Bond villains have always flirted with homoeroticism. You could say it’s as much a part of of the franchise’s 50-year-old formula as all of the girls, gadgets, and glamor. Whether it’s Goldfinger aiming his laser at 007’s royal jewels, the coy cat-in-his-lap quips of Blofeld, or even Lotte Lenya’s butch villainess Rosa Klebb in From Russia With Love, the Bond films have subtly toyed with a sexual subtext. But in the latest Bond installment, Skyfall, Javier Bardem pushes the gay envelope farther than it’s ever been pushed before.
The Spanish actor dons a blonde wig as the latest 007 nemesis, Silva — a cyberterrorist who has a complicated history with Bond’s boss at MI6, M (Judi Dench). And his first encounter with Daniel Craig’s license-to-kill agent is sure to get fans squirming in their seats. Which, according to Bardem, was exactly the point.
Asked if his character has an interest in Bond beyond just world domination, Bardem admits, “You could read it that way. That option was there in the script. The word that [director Sam Mendes] kept using was ‘uncomfortableness’. Beyond the sexuality, he wanted it to feel like you don’t know if Silva’s joking or not.”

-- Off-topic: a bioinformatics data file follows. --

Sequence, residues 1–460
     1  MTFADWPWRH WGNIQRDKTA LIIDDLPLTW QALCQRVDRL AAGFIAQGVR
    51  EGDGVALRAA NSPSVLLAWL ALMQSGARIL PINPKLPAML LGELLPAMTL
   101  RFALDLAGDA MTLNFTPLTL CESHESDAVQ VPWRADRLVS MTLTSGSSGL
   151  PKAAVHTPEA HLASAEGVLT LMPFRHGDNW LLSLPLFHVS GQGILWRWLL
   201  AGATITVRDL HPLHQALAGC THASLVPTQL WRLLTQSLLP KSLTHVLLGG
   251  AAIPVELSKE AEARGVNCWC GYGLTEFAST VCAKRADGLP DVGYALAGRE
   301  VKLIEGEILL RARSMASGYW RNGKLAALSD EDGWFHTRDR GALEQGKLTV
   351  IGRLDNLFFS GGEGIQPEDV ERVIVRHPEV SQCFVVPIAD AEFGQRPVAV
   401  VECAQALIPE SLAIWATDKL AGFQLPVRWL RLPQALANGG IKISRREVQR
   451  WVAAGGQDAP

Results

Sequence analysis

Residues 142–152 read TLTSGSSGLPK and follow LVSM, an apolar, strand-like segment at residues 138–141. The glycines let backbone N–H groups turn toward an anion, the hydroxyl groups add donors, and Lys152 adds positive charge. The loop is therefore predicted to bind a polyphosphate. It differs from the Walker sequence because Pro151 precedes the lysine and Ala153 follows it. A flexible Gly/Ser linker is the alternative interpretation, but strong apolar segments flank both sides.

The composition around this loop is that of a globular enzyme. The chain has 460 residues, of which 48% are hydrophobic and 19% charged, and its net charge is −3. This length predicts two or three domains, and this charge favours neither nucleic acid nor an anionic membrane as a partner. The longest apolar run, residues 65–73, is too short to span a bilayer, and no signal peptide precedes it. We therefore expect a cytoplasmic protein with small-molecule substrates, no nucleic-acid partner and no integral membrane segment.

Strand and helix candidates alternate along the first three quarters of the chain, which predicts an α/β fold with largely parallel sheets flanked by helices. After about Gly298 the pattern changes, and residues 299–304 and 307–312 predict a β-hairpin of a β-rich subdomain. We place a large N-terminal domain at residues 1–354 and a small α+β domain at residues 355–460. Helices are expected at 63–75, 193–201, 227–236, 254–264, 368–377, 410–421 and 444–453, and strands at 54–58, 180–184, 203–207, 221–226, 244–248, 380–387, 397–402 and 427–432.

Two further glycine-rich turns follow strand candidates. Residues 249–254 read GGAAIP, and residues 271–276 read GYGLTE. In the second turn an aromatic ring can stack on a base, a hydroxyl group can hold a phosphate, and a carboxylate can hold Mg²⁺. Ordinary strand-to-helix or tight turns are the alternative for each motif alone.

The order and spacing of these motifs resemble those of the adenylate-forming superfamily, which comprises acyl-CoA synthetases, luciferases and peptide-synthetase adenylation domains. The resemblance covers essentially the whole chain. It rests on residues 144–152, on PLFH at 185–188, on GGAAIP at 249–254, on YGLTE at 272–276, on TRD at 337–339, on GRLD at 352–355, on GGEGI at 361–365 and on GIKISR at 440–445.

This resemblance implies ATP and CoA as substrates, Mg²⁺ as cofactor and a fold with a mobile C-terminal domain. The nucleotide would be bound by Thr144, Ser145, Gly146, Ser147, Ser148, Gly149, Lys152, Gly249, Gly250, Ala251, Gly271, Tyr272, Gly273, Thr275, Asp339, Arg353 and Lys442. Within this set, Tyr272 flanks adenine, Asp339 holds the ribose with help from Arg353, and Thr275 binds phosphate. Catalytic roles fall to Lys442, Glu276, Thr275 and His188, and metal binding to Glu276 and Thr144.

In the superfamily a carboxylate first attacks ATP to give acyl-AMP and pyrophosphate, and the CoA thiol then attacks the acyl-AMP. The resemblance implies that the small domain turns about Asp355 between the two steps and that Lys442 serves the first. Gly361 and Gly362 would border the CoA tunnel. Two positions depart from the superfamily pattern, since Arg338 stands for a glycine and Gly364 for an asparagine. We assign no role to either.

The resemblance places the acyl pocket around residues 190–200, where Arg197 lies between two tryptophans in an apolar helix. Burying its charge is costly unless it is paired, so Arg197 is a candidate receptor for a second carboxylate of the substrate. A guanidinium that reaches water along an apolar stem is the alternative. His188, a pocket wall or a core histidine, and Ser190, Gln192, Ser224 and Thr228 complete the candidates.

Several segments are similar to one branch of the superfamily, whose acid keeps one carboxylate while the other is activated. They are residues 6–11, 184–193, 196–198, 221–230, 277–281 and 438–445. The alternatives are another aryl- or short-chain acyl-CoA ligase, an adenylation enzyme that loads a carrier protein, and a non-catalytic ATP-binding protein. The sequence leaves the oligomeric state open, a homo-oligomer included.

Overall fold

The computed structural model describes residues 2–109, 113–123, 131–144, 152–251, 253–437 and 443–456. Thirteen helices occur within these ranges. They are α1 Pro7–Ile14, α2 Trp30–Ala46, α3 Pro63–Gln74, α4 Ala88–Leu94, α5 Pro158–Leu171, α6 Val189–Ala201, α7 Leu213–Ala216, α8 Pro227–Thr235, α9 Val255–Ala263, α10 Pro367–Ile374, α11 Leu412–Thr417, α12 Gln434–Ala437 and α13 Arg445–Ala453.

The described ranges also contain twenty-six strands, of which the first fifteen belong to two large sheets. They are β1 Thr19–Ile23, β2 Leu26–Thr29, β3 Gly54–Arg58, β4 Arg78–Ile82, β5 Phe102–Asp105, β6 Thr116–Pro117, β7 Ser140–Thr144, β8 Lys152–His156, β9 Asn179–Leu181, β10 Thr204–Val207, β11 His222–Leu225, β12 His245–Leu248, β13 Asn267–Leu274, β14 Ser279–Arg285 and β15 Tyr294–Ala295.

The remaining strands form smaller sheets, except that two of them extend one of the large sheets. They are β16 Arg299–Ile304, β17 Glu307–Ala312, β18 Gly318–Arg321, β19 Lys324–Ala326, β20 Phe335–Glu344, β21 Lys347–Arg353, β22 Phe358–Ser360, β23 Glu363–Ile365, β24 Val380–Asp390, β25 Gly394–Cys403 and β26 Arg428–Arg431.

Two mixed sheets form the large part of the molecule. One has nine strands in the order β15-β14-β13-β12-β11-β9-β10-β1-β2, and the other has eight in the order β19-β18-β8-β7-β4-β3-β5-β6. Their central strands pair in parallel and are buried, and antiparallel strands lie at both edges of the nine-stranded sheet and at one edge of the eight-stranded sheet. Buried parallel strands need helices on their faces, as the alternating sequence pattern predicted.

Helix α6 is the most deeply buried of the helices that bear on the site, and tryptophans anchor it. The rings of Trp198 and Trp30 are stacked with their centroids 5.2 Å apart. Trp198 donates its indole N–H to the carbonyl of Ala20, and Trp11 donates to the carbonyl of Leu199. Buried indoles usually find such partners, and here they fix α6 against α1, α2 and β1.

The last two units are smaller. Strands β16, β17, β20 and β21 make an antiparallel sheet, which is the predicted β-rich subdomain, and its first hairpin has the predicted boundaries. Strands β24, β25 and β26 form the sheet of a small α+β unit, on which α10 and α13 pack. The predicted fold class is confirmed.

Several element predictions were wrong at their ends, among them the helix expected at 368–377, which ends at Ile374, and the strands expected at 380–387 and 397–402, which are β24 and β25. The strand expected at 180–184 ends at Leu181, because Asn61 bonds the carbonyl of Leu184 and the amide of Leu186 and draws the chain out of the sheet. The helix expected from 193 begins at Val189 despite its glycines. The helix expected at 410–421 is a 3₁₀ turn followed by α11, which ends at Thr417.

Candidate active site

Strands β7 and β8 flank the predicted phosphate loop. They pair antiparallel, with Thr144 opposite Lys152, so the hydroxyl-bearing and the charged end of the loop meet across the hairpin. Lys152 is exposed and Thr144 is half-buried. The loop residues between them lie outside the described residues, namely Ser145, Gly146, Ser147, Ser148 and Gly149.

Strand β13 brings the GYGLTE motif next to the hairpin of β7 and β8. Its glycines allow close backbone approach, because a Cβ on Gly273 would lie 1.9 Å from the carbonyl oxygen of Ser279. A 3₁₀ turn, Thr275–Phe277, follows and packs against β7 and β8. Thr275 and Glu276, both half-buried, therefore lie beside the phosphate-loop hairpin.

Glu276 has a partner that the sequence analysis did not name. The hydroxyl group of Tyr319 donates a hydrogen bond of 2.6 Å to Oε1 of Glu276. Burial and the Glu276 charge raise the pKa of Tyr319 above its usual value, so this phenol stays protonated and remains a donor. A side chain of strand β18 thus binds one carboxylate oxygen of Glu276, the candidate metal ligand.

Naturally, we don’t want to reveal any spoilers here. But when the two characters first meet at Silva’s island lair, and Bond is being held prisoner and tied to a chair, there definitely seems to be more on the villain’s mind that just old-school evil.
“I think there’s a huge homoerotic undertow in a lot of Bond movies,” says Mendes. “And there’s a lot of camp, too. And I wanted to embrace that. Then Javier took it on and shifted it to another level on the day we shot it. The way he undoes the buttons of Bond’s shirt, I was very particular about pushing the discomfort. I said to Javier, ‘You’re f—ing with him’. Is he into Bond or does he just want to freak him out?”
To hear what Daniel Craig had to say about Bond’s charged confrontation with Bardem’s 00-baddie Silva (and more on the making of Skyfall), check out our upcoming Entertainment Weekly cover story, on newsstands Oct. 26.